By allowing ads to appear on this site, you support the local businesses who, in turn, support great journalism.
Learning the vital skill of listening
Placeholder Image

Sunday begins what is often called “Holy Week.”  
Full disclosure here: My tradition does celebrate Holy Week as carefully as other Christian denominations. I have participated in Maundy Thursday observances. I have preached at the occasional Good Friday service. But for the most part, we Baptists place most of our emphasis on Easter Sunday and the resurrection. And that makes sense. After all, Easter is what the Christian faith is all about.  
Still, something happened when I was in New Orleans that caused me some consternation when I first saw it on the school calendar. It was the fall of 1981, my first semester in seminary. I was looking to see what days we had off from school (typical student, no matter your age).  Imagine my surprise when I discovered that we had classes on Good Friday, but a few weeks earlier school would not be in session on Fat Tuesday. That’s Mardi Gras for the uninitiated.  
To say that I was flabbergasted would be an understatement. I was outraged. And so I made it a point to take my wise, 22-year-old self to the president’s office and demand an answer for this travesty.  I was respectful but firm as I stood before this veteran preacher, professor and president of New Orleans Baptist Theological Seminary.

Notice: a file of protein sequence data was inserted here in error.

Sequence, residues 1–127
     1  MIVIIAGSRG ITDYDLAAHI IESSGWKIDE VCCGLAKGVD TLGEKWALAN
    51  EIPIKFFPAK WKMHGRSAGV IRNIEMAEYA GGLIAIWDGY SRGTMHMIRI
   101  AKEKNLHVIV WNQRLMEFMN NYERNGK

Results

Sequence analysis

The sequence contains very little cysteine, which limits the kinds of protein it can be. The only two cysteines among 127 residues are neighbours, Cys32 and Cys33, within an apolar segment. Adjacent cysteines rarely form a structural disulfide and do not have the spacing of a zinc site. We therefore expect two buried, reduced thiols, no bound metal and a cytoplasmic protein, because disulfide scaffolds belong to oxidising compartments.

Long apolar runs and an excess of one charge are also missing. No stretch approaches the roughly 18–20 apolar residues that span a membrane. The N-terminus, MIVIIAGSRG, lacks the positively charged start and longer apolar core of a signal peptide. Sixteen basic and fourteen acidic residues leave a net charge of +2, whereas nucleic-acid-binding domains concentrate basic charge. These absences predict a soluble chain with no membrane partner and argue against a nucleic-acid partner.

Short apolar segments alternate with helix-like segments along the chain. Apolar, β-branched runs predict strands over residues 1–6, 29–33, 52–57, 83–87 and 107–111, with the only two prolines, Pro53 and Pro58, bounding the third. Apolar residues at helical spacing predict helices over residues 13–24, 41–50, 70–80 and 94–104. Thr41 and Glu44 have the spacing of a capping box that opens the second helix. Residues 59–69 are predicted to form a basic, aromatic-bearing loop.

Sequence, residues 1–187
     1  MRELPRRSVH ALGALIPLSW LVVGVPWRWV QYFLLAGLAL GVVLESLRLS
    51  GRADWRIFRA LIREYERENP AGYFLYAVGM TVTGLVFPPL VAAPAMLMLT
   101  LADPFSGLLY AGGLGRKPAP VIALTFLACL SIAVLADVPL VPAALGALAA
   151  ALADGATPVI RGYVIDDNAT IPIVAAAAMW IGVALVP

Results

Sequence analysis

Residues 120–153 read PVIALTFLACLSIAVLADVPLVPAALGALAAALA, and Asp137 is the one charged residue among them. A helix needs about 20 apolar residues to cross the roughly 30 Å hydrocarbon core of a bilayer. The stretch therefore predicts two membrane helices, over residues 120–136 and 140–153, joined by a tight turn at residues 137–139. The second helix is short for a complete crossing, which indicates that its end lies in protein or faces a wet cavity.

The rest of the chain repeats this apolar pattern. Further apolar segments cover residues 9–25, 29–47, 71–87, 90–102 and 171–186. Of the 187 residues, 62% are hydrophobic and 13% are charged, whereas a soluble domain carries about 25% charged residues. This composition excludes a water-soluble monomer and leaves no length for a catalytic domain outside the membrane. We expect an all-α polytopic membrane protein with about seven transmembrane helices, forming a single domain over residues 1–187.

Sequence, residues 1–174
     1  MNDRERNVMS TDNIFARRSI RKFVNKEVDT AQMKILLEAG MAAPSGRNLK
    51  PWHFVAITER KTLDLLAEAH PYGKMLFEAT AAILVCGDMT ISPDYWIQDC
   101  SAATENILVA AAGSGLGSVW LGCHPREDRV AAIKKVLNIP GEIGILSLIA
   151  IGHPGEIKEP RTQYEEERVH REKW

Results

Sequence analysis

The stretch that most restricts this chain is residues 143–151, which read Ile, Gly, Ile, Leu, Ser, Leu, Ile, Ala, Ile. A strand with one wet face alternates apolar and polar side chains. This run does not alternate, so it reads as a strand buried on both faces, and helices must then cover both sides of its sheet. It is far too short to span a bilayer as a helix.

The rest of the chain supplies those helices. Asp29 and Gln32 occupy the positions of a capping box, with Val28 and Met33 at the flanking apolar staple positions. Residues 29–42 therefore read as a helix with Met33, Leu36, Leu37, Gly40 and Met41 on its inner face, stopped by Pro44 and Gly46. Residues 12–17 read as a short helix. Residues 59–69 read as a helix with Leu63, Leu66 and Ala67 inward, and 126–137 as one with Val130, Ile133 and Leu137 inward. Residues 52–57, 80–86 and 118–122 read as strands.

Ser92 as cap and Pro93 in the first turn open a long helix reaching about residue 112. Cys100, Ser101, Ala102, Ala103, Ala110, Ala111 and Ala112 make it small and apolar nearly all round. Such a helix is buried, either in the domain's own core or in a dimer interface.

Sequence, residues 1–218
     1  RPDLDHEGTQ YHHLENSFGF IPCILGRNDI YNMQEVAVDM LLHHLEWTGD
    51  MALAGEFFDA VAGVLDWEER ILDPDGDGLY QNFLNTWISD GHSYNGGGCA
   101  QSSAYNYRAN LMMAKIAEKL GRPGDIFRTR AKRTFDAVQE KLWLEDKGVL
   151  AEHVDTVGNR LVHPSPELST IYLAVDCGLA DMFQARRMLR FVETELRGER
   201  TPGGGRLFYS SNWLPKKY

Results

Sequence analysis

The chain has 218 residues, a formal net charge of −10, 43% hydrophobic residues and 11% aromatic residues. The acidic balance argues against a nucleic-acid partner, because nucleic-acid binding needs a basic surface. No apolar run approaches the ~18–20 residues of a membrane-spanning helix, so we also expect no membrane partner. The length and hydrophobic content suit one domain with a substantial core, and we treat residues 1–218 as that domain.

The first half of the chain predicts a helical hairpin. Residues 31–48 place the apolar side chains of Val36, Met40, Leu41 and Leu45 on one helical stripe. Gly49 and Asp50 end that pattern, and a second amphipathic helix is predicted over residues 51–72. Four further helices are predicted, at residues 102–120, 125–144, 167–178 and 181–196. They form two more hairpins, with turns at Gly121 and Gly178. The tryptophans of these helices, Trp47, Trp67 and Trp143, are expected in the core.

Dr. Leavell smiled at me, sighed, and then explained the situation.
“Brad, you haven’t lived in New Orleans during Mardi Gras have you?”  
“No, sir,” I replied.  
“Well,” he continued, “Fifty percent of our students live off campus. On Fat Tuesday, roads are closed and traffic is insane. Our students can’t get here that day. And because they are so close together, the staff does not believe that we can afford to take Good Friday, too.”
So there it was. There was a perfectly reasonable explanation for the situation.  The next year when I moved off campus I was grateful for the policy.  It made perfect sense.  My problem was that I did not have all of the facts.
Even at that, I thought I had the answers.  I thought that someone had made a terrible decision, and I was there to solve the problem. As Ralph Kramden liked to say, “Me and my big mouth.”
The Bible speaks to this issue more than once, but James 1:19 is very clear on it:  “Let every person be quick to hear, slow to speak, slow to anger.” What marvelous advice that is.  Listen to others. Be careful what you say. Don’t fly off the handle. And don’t think you know all of the answers when you don’t even know the questions yet. I wish I followed that advice better than I do.  
But I am learning; I hope you are, too. As my fourth-grade teacher often reminded us, “There is a reason God gave you one mouth and two ears. Try to use your ears twice as often.”  
That’s good advice. Will you try it?

Sign up for our E-Newsletters